To finish, I couldn't resist the temptation to make an horrifying photo perfomance given that the original versions, as you can see, aren't  fairytales for children. The book is a vintage one from the 60's and it's in Catalan: 'La Caputxeta Vermella'. My sister, Nata, gave it to me as a present because she saw it at a book fair in Barcelona :)

Blood, bugs, spiderweb, pumpkin candles&skulls. My sweet creepy pic^^ 
 Boooooooooooo!
After reading this, I think 'Red Hot Riding Hood' it's a sweeter version, although she perfoms in a night club, the wolf goes absolutely insane over her and the granny is oversexed man-chaser hahaha. I love Tex Avery! Check out two posts , I wrote about him some months ago: In cartoon you can do everything and Symphony in slang. Bravissimo! :)


Love,
Lorena Be-Bop

P.S Únete a mi página de Facebook si quieres ver los posts en castellano, los suelo traducir unos días después :)
Y si queréis leer una carta realmente sorprendente, de Charles Alexander Lesueur a los Hermanos Grimm, pinchad en este enlace. Yo aluciné leyéndola.

28 comments:

  1. Si no entendí mal este es tu último post???
    Espero haber entendido mal...
    Yo la versión que conozco de caperucita es la de los hermanos Grimm, pero me pareció muy interesante ver las otras... No las leí todas, pero volveré a leerlas.
    Un beso

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    1. Hola Eva! no ni mucho menos ,es mi último post por el momento, de la serie Be-Boo, que es la que he hecho especial para Halloween jejeje,siento el sustillo! ^^

      Espero te gusten, bueno más bien las encuentres curiosas, porque son un poco fuertes las versiones de la dulce Caperucita ;)

      Un beso

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  2. Todos los cuentos infantiles se han ido suavizando en los últimos tiempos. Tenemos un afán por preservar a los niños de las cosas malas y las versiones originales nos parecen violentas y crudas, pero así eran. Carerucita era un cuento para que las niñas no hablasen con desconocidos ni se fiasen de nadie. Esa era una de las finalidades de los cuentos.

    Me ha gustado un montón leer las diferentes versiones. Algunas ya las conocía porque me gusta leer cuentos tradicionales con mis chicos en clase.

    Besos.

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    1. Hola ro! jeje me alegro! no veas lo larga que se me hizo esta entrada jeje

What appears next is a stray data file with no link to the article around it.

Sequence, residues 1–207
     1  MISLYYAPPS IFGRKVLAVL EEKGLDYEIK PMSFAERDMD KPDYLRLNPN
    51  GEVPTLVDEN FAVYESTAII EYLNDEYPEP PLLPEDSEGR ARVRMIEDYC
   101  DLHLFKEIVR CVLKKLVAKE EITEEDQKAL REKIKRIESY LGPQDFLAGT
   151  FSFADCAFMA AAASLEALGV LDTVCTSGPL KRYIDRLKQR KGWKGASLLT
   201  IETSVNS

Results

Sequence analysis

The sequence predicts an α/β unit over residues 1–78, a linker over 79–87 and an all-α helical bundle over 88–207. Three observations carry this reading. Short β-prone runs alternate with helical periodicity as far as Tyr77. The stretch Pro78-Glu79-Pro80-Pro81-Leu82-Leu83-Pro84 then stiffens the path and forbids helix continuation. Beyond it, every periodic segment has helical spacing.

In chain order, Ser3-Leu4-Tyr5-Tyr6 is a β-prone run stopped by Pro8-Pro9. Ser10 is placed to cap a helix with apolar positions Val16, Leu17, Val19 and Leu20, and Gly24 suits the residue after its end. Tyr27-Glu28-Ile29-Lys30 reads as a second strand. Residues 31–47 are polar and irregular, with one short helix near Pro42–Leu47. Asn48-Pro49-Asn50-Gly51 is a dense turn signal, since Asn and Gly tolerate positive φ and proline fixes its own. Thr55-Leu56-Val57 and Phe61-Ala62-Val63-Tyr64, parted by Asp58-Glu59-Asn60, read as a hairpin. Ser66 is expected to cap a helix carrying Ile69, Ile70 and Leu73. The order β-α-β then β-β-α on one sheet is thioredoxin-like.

Lee la carta a los Hermanos Grimm, el enlace que pongo al final, seguro que te gusta.

      Un beso!

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  3. OFÚ! el cuento original es espantoso, absolutamente horrible, no conocía las versiones anteriores a Perrault y me he quedado así *_*
    Anda, que si disney se descongelara... LOL

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    1. jajajaja es que ya me intrigaste tanto con la versión de Perrault aquel día, que he tenido que investigar a ver que se cocía...la versión del ogro es espantosa especialmente...

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  4. Ya estaba enterada de los orígenes y diferentes versiones de Caperucita Roja. Me quedo con la versión que me contaron de pequeña.
    El vídeo me ha gustado mucho. Un abrazo.

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    1. Hola mela ! Si yo también y como versión alternativa me quedo con la del video! Me encanta caperucita cuando le dice que no al lobo ;)
      Un beso!

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  5. Bueno, por partes que esto tiene tela... El cartel del vintage francés aludiendo a la festividad de Todos los Santos en España me ha encantado, como no podía ser de otra forma.
    El cuento de Caperucita...¡Uf! Pues me quedo de piedra, a mi me contaron la versión light donde todo acababa bien; es decir la del cazador que abre las tripas del lobo y rescata a la abuelita y a la niña. Es sabido que este tipo de cuentos llevaban su moraleja, pero yo me quedé en lo de "hacer caso a mamá, y no hablar con desconocidos", no sabía que existieran tantas connotaciones de tipo sexual, aunque entiendo que es cierto que los niños de antes vivían realidades en su vida cotidiana que, ni de lejos, hemos vivido nosotros y que esa debía ser la razón de las versiones más crudas del cuento: No les era ajeno porque su vida real ya era bastante dura y desprotegida.
    Y la carta, pues da qué pensar. Tantas culturas distintas y antiguas con una historia similar... quizá tengan como fondo que "algo" ocurrió de verdad aunque, con el tiempo, cada cual aderezara la historia como le pareció mejor.
    Y los Grimm no hicieron mucho caso de la carta, puesto que hicieron su propia versión.
    Un post muy interesante, Lorena, y una contestación por mi parte un poco rollo, pero es que estaba inspirada, todavía es temprano... por la mañana.
    1 Besazo

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  6. Hola nena! Uy que va agradezco muchísimo tu respuesta! Aunque sea larga , me gusta leer tu opinión. Cuando empecé a descubrir las verdaderas versiones me quede helada, se que puede sonar algo morboso el post pero aunque muchos ya conocían el origen, a otros como tu han visto lo que había detrás de la historia. Y tiene tela jajaja como tu bien dices. Me alegro que los hermanos Grimm adaptaran el cuento aunque no le hicieran mucho caso a la carta, yo aprendí la lección de no hablar con desconocidos, pero es que si me llegan a contar la del ogro creo que me viviría en clausura. Que horror de cuento y que gore.
    Un besito guapa